The U.S. Fish and Wildlife Service is required by a court order to make a decision whether to list the Greater sage grouse by September of 2015. Greater sage grouse habitat is in the sagebrush-steppe landscape that stretches over eleven Western states, including a large portion of the northern part of Nevada.
Nye County Commissioner Lorinda Wichman, a Smoky Valley resident who is the county representative on different public lands committees, objected to the plan. She said Nye County has 14 wilderness study areas and fears the bill is another step toward converting them to wilderness that would make them off limits to development.
“I do not think it’s an equitable trade, and unfortunately for Nye County, most of the WSA’s are in Nye County. So that means they are sacrificing the economic development of Nye County for the rest of the state,” Wichman said.
When it comes to setting aside inventoried roadless areas, Wichman said she wasn’t able to get a straight answer from the head of the U.S. Forest Service whether they wanted to just identify areas that were roadless or make more areas roadless.
Wichman said the announcement was disregarding work by various committees over several years to avoid the designation of the sage grouse as an endangered species.
“Unfortunately, they haven’t talked to any of us,” she said of the congressional delegation. “The governor’s task force on the sage grouse has 12 years involved in putting this program together and it’s unfortunate our congressional delegation back in Washington, D.C. has decided they’re the end all to save all. I’m really afraid they’re not giving enough attention to the programs already in place and it will be used as a way to sew up more wilderness areas and not give us enough in exchange.”
Wichman said once an area is designated a wilderness area by Congress “it’s lost forever.”
“It puts an economic stranglehold on our county,” she said.
At the same time as this legislation is introduced, Wichman said Congress passed a bill to provide full funding to counties for public land under the Payment In Lieu of Taxes, but still hasn’t found a funding source.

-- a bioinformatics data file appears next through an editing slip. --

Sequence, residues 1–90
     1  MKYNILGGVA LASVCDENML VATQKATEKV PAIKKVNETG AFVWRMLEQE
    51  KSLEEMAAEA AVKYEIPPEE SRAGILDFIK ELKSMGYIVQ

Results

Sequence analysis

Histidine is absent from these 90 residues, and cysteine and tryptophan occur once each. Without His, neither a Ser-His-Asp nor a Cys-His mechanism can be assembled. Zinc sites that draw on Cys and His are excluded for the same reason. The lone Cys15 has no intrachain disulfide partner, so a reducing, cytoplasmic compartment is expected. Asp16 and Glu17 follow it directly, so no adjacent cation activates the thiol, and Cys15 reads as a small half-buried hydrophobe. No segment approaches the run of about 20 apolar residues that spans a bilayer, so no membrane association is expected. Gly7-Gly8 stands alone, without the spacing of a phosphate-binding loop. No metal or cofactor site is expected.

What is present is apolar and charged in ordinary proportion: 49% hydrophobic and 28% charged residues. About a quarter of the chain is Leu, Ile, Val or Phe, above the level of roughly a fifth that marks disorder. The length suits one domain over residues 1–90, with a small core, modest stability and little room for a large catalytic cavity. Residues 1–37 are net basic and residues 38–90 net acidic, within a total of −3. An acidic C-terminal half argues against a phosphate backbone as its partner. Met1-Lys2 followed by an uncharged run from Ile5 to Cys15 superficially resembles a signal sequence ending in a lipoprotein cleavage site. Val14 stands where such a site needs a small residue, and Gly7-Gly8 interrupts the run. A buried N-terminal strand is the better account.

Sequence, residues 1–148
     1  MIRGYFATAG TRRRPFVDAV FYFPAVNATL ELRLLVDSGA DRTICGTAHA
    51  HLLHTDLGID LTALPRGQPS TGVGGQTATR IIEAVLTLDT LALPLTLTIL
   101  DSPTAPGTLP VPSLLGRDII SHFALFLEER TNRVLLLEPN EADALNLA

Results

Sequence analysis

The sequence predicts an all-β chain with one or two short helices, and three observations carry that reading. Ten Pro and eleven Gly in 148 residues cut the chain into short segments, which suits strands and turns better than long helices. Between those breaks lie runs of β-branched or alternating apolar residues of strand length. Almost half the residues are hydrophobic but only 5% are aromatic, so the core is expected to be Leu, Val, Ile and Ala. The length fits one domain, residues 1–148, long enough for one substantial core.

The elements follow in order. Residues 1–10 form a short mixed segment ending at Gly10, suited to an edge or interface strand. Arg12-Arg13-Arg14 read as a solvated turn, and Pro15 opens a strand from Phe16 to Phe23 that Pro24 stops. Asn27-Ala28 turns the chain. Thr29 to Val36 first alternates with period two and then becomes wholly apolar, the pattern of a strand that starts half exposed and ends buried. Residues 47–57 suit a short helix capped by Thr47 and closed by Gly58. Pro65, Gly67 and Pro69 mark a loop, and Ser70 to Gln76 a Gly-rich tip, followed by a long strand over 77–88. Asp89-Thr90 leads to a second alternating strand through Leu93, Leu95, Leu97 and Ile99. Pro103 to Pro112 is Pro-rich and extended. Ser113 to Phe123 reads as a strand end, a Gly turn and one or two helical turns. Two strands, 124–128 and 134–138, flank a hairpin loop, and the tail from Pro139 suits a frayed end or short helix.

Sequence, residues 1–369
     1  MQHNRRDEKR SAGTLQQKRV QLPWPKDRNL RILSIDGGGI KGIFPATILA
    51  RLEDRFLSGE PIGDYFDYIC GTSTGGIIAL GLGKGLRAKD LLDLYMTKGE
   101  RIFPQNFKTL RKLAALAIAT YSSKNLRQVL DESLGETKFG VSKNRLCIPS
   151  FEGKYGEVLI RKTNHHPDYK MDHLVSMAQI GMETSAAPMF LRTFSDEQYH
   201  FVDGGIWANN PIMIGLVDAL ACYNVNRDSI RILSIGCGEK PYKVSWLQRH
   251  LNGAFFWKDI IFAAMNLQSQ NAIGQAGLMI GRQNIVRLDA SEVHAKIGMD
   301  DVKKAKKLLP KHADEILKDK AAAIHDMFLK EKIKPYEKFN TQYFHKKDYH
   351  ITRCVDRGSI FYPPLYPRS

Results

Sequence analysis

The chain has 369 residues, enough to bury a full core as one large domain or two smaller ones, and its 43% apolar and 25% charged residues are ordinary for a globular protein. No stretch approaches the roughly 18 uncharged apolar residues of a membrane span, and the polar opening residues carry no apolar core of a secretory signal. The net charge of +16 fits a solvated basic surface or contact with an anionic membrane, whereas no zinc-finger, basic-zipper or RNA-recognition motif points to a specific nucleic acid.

“PILT is not discretionary money. They’re property taxes they owe us for hosting their facilities,” she said.
However, Assembly Speaker Marilyn Kirkpatrick, D-North Las Vegas, said the state has been working hard to conserve the sage grouse and endorsed the bill. “This is a positive development that will assist us enormously,” she said.
“Protecting these areas is good for the Nevada outdoor recreation economy, which is responsible for $14.9 billion in consumer spending and more than 140,000 jobs,” said April Mastroluca, of the Nevada Conservation League.
Bob Sullivan, vice-president of business development for Ormat Technologies, a Reno-based geothermal company, said the senators worked with his industry on the proposal.
“In developing conservation regulation, Sens. Reid and Heller met face-to-face with local energy professionals assuring our interests are heard,” Sullivan said. “We commend their commitment to preserving sage grouse habitat while promoting economic development in Nevada.”
In August, Reid and Heller joined U.S. Rep. Mark Amodei, R-Nev., met with top officials from the U.S. Department of the Interior to discuss efforts to prevent the listing of the greater sage grouse under the Endangered Species Act. In a prepared statement, the senators said this federal legislation will complement the work done by the Governor’s Sagebrush Ecosystem Council.
The senators said the release of the discussion draft is intended to start a discussion among Nevadans about the Greater sage grouse potential listing. Both Senator Reid and Heller have set up an email address for constituents to provide comments on the draft at either firstname.lastname@example.org or email@example.com.